I have included here my long report on the Byron Conference, which I had attended at the behest of Seelia Wickremesinghe, the dynamic Secretary of the Sri Lankan Byron Society. It had been founded by Sir Arthur Ranasinghe, who had chosen Seelia as his principal support. She was the widow of a fellow Civil Servant, the brilliant scholar Hugh Wickremesinghe. He had died young, and Seelia had not only seen their two children through university, but had involved herself heavily in cultural activity. She was related to us and in fact had stayed with Aunt Esme, as she called my grandmother, when my grandfather was Government Agent in Anuradhapura and Hugh his assistant. Seelia’s father had been a Member of the Legislative Council for the area. Her daughter Shan, though she had married a fellow undergraduate at Cambridge, and now lives in Canada, still continues a close friend.


My report on the Byron Conference, the first international conference I attended, conveys I think the enthusiasm I have for such conferences since they bring people together, and also my doubts about their academic content or intellectual impact. I found both the style and the substance fascinating when I reread it after many years.


Corpus Christi College


8th September 1976

Hope this gets to you before you leave – I meant to write as I got back, but was too exhausted yesterday to do anything – even read Dickens. I moved in to a temporary room here where I shall be till the 21st – in London then till you arrive. Could you let me know soon how long you’ll be here for and where you plan to stay, or should I arrange something? I suggest we don’t come here till the 4th, as Corpus has a Gaudy over the weekend and requires rooms. I’m afraid they’ve allocated me a bed-sit – rather pleasantly situated but I’ll miss the expansiveness of a set. Must see what can be done.  I want to start entertaining again – do bring some duty–free – which means working in bed might be out for fear of untidiness!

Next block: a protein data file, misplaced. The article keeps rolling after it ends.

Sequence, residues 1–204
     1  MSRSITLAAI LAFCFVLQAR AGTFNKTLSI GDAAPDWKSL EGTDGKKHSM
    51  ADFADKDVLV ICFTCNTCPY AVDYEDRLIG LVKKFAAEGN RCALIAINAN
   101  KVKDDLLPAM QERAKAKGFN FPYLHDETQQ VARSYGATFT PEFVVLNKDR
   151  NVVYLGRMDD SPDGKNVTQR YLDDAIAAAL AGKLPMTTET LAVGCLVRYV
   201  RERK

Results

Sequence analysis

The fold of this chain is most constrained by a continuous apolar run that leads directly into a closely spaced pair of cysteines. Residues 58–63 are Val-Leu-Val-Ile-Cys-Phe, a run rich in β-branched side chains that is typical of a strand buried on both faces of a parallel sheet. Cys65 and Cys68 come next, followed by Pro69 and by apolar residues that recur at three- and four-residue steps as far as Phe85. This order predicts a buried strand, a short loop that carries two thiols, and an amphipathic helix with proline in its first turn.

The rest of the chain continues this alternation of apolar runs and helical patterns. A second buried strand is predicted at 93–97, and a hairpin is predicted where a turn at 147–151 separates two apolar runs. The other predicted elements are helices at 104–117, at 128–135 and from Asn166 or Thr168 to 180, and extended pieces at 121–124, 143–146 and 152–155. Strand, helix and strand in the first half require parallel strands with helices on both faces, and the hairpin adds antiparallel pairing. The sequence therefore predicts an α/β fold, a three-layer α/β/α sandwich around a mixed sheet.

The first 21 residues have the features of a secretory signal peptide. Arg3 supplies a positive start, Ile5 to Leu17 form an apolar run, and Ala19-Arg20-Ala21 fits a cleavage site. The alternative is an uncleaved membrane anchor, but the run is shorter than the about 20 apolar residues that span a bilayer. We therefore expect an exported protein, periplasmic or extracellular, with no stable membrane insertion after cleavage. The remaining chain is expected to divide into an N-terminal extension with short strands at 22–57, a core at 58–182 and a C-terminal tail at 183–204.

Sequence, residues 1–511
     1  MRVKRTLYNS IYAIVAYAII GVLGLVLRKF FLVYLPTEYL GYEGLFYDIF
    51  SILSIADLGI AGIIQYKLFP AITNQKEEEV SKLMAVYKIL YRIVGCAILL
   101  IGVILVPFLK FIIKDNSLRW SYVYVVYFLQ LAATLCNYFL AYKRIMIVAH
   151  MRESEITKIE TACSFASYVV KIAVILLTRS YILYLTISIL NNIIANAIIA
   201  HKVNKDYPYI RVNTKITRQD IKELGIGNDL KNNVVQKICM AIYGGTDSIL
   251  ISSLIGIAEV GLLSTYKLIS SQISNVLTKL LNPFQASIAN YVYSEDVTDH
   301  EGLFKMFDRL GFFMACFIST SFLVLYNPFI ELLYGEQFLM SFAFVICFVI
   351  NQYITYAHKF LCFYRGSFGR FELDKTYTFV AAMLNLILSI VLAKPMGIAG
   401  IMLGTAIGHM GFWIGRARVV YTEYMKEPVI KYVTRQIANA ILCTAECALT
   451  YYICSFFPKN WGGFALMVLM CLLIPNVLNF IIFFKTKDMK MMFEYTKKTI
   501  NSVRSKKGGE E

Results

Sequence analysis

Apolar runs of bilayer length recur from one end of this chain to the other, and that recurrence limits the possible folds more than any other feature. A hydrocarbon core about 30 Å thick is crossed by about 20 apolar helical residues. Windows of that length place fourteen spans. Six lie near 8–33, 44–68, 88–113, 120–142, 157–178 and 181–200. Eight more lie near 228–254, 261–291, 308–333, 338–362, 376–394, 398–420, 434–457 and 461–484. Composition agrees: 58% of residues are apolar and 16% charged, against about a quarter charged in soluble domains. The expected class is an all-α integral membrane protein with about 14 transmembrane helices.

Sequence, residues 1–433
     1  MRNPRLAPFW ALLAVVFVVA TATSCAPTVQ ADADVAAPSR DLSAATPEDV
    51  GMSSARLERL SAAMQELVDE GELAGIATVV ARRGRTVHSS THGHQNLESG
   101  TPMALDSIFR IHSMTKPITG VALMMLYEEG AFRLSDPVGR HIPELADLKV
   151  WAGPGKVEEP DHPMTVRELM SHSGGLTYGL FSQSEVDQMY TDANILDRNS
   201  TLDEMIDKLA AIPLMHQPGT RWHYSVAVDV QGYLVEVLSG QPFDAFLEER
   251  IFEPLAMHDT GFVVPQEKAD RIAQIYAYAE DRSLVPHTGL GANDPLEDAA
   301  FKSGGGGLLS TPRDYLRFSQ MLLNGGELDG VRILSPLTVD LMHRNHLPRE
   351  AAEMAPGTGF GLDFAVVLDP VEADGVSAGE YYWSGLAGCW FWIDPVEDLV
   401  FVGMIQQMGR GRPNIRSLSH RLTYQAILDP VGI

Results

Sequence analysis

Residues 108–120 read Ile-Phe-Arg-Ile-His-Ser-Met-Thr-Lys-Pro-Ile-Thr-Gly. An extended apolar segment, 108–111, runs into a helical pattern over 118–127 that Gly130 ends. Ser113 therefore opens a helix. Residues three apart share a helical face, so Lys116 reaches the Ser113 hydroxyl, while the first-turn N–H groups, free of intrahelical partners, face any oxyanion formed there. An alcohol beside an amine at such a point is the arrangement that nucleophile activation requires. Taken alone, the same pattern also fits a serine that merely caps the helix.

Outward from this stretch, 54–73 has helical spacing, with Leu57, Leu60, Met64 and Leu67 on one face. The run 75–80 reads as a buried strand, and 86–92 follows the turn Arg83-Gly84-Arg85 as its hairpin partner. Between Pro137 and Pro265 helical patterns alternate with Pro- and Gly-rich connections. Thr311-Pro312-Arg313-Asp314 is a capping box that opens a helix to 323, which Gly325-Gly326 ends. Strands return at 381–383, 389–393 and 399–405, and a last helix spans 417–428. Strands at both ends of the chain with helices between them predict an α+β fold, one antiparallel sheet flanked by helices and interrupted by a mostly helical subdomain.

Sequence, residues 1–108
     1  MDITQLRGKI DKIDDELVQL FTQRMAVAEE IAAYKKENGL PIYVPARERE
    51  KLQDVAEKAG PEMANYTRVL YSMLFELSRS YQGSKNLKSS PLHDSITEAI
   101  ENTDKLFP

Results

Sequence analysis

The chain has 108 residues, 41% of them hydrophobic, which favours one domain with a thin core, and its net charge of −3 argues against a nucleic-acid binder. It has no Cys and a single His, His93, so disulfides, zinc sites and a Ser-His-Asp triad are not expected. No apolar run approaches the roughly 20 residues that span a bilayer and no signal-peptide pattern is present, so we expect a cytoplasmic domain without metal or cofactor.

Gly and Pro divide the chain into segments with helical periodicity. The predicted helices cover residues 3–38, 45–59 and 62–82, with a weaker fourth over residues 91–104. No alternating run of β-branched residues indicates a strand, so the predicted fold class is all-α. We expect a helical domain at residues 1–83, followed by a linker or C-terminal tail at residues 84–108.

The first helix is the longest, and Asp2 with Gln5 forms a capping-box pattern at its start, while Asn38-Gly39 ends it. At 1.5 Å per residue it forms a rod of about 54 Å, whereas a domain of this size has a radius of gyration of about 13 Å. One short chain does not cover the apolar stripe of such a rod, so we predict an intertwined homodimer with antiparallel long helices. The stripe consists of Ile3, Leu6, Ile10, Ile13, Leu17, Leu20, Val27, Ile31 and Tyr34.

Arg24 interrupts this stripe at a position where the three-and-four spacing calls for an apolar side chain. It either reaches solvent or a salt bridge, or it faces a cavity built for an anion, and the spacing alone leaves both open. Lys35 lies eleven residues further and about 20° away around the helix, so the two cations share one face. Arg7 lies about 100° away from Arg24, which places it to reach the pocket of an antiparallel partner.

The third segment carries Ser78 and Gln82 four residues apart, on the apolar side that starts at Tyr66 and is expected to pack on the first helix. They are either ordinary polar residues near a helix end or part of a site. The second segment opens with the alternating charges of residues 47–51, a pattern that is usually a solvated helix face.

The Byron Conference was enormous fun and I don’t think I appeared too reprehensible. I shall send a full report. I stopped in Belgrade on the way and stayed with Walter J. and had tea before with Elmo Joseph and his wife who were extremely kind (the more admirable as I must have looked exceedingly scruffy) and sent their regards. On the way back I dropped in in Milan on Tilaka Hitchcock’s sister but they were out so I left behind a bottle of Greek wine. I’m getting as bad as you are. Due to various trains being late, my last day’s journey was on an invalid ticket which had the merit of providing me with some sort of occupation in constructing an argument to justify it – despite which I was relieved at not being challenged. Met Gaji yesterday, who’s back at work as well already – he’ll be on a field trip till October 6th (and hopes you’ll stay on till then) but will come down to meet Anila on the 24th. I shall write to Jean today to find out what the situation is re staying in London.

My shoe size is 8 and black and brown would be welcome. Trouser size 32 (I think length 34), dark colours (but not black). Blue, perhaps, and grey. Also, if (and only if) the sports coat I hacked last summer has not been used meanwhile and is expendable, could I have it? I think my present one requires to be pensioned off – more particularly after a month on trains during which it often served as a pillow.

The renal colic at the Chalet turned out to be a bad case of piles and had to be helped back up again. I felt very saintly, especially as my attempt to hand over the responsibility to Leslie was refused by the patient on the grounds that he’d only laugh.  I drew back, however, at the application of the ointments – which was left to an eminent QC, Chairman of the Monopolies Commission and Fellow of  All Souls – I’m sure there’s a moral there.


Report on the Byron Seminar, Greece

28th August – 4 September 1976



The central Square of Missolonghi was packed with people when I arrived there, late on the night of the 30th of August. For a moment I thought I was late, and that the Seminar had begun. Not at all – this was merely the after effects of the inauguration of a ‘Greek Festival of Poetry’ which was run in harness with the Byron Seminar. It was a splendid idea of the organizers at Missolonghi, anxious to advance the town’s prestige in all eyes, to join the two events – not least because the participants in the Seminar were accorded magnificent treatment by the commune.